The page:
The water quality parameters at the beginning of the experiments were: dissolved oxygen supersaturation; pH 7.35 ± 0.09; total ammonia 0.05 ± 0.01 mg/L; nitrite 0.015 ± 0.012 mg/L; total hardness 9.13 ± 3.80 mg/L; and total alkalinity 4.87 ± 0.50 mg/L. The initial conductivity values of each group are recorded in Table 1.

Blood Glucose Concentration

The blood glucose concentration was determined from 6 fish in each treatment at 0, 24 and 48 h after the end of confinement period with a glucose meter Accu-Chek® Active (Roche). The blood glucose of 10 fish was also determined during the acclimation period. This measurement was taken as the basal blood glucose concentration. In order to take the samples of blood from the experimental fish, they were anesthetized with eugenol (150 mg/L) for 5 minutes.

Test of resistance to conditions of hyperosmolarity

At the end of the experimental period, a resistance test to hyperosmolarity was performed by the immersion of 20 fish of each treatment in water with 2% salt (NaCl, free of iodine and fluorine) and the number of fish which retained the swimming axis for 1 hour was recorded, with readings taken at 5 minute intervals. Once the fish lost their swimming axis, they were taken out in order to recover in an aquarium that was saltfree.

Percentage of mortality

The mortality rate was recorded at the end of the confinement and also during the following 7 days.

Table 1. Initial water conductivity in the different experimental groups of confinement of Ancistrus triradiatus

Group S1= Salt 1 g/L; group S2= Salt 2g/L; group E0.1= Eugenol 0,1 mg/L; group E0.5= Eugenol 0.5 mg/L; group Zeo=Zeolite; group S1- E0.5= Salt 1 g/L plus Eugenol 0.5 mg/L; group Z-E0.5= Zeolite plus Eugenol 0.5 mg/L. Data expressed as average ± standard deviations.Statistical analysis

The homogeneity of variances was determined with the Levene test (P>0.01) for blood glucose and water parameters data, and significant differences between groups were established with the ANOVA test followed by the Tukey-Kramer test of multiple comparisons. A logarithmic transformation was done for blood glucose data.

The results of the test of stress resistance were analyzed using a multiple regression test with a linear model with a qualitative predictor for the group, which has n classes that correspond to the number of groups (Kutner et al., 2005).

Mortality results were analyzed by frequency distribution, and the Chi square test of independence was used to establish significant differences between groups and also within each group, as well as between mortality at the end of confinement period and in the following 7 days.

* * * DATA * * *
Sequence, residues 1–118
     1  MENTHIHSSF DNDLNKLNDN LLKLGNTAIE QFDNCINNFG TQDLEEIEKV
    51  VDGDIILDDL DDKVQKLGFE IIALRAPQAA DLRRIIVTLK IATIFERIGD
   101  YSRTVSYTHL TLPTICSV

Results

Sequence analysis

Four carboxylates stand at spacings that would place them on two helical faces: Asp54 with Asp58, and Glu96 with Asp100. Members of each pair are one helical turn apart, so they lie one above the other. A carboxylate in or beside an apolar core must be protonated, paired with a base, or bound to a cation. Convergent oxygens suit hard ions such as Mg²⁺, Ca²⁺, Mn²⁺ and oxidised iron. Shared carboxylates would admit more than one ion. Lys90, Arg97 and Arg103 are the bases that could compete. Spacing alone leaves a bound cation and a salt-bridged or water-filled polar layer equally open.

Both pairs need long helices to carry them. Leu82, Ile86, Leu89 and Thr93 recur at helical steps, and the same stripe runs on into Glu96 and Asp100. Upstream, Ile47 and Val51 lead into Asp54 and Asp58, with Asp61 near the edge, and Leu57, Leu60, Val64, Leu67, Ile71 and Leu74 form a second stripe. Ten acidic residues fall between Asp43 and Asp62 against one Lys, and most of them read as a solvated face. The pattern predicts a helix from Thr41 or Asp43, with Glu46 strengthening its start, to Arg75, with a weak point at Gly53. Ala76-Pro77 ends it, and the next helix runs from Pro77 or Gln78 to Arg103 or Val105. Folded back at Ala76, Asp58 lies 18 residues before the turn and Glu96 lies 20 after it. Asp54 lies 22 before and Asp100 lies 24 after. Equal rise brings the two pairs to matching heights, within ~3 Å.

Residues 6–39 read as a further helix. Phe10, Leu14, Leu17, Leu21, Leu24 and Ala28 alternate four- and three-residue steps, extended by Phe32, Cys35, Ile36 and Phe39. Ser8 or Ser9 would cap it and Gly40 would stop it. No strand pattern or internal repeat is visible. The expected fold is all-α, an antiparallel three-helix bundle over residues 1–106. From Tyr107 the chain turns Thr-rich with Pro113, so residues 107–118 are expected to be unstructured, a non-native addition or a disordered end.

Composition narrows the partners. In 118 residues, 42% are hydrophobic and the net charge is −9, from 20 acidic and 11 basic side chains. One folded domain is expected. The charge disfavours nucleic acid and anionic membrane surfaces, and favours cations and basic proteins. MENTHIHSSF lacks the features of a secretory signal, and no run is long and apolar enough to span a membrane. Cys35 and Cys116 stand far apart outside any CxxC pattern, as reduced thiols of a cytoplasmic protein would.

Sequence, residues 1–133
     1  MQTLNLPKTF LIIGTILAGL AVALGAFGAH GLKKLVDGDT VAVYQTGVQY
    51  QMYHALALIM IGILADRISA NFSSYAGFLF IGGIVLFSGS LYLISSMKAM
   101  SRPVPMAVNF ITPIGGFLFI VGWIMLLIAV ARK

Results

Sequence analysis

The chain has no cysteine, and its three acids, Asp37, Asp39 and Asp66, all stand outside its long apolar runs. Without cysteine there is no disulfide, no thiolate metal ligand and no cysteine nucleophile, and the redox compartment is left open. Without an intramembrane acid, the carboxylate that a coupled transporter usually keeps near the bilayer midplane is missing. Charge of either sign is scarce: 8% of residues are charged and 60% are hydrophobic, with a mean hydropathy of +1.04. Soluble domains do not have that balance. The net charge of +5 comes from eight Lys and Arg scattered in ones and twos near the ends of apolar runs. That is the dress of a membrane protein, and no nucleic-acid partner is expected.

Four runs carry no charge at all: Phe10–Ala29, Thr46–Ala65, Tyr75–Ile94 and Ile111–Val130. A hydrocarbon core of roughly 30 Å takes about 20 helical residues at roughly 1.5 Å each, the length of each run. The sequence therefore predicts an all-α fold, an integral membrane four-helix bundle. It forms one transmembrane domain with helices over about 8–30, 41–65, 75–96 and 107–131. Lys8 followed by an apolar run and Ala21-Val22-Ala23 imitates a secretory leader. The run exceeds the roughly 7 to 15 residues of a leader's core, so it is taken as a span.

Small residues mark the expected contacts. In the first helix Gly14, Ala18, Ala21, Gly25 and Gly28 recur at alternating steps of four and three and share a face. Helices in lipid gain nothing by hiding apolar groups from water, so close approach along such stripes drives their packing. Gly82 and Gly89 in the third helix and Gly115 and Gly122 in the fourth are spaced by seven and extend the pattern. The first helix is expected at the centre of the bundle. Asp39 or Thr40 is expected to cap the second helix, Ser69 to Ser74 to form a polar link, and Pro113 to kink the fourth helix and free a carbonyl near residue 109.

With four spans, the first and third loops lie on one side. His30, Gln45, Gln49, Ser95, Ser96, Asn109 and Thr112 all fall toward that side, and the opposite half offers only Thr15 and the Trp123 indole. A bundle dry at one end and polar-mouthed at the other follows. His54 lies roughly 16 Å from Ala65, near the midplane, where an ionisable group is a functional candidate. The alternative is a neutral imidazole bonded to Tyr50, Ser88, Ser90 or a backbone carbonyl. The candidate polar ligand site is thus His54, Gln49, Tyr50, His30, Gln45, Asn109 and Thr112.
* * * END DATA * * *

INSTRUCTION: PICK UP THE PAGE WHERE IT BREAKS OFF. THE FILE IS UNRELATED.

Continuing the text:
In all the cases, significant differences were established with P<0.05. The software SAS version 8.05 was used.


There was no difference between the control and the solvent control group for the different parameters at 12 and 48 hours confinement times (data not showed).

Confinement time of 12 hours

Water quality parameters

Dissolved oxygen was maintained at supersaturated conditions in all groups at the end of the experimental period of 12 hours, and the temperature ranged between 26 and 30 °C.

The experiments of the mixtures of salt plus eugenol as well as that of zeolite plus eugenol were performed with concentrations of 1 g/L of salt and 0.5 mg/L of eugenol, based on the results shown in Table 2.

The pH in all groups declined at the end of the confinement period relative to the initial pH, and it was significantly lower (P<0.05) in the group S1-E 0.5. All other groups had the pH in the 6.0 to 6.4 range, and it was significantly higher (P<0.05) in the groups E0.5 and Zeo (Table 2). The variation of conductivity was significantly lower (P<0.05) in the groups S1 and S1-E 0.5 relative to the rest of the groups (Table 2).

Total ammonia concentrations at the end of this experimental period were in the 4.9 to 6.8 mg/L range and was significantly lower (P<0.05) in the group Z-E0.5, and significantly higher (P<0.05) in the group S1-E 0.5. However, no similar change was observed in the concentration of nonionized ammonia, which varied in the range of 0.0012 to 0.0031 mg/L, and was significantly higher (P<0.05) in groups Zeo and E0.5 which showed higher pH and the concentration of total ammonia was significantly lower (P<0.05). Additionally, in the group S1-E0.5 the total ammonia concentration was significantly higher in comparison with groups S1 and S0.5 (Table 2).

Nitrite was in the 0.17 to 0.59 mg/L range, and was significantly lower (P<0.05) in groups S2 and Z-E0.5. The highest concentration (P<0.05) was found in the group E0.1 (Table 2).

Blood Glucose Concentration

Only the group containing 1g/Lof salt did not show a significant increase of blood glucose concentration at 0h after 12h of confinement compared to basal blood glucose concentration. After 24 h, all groups returned to the basal concentration (Table 3).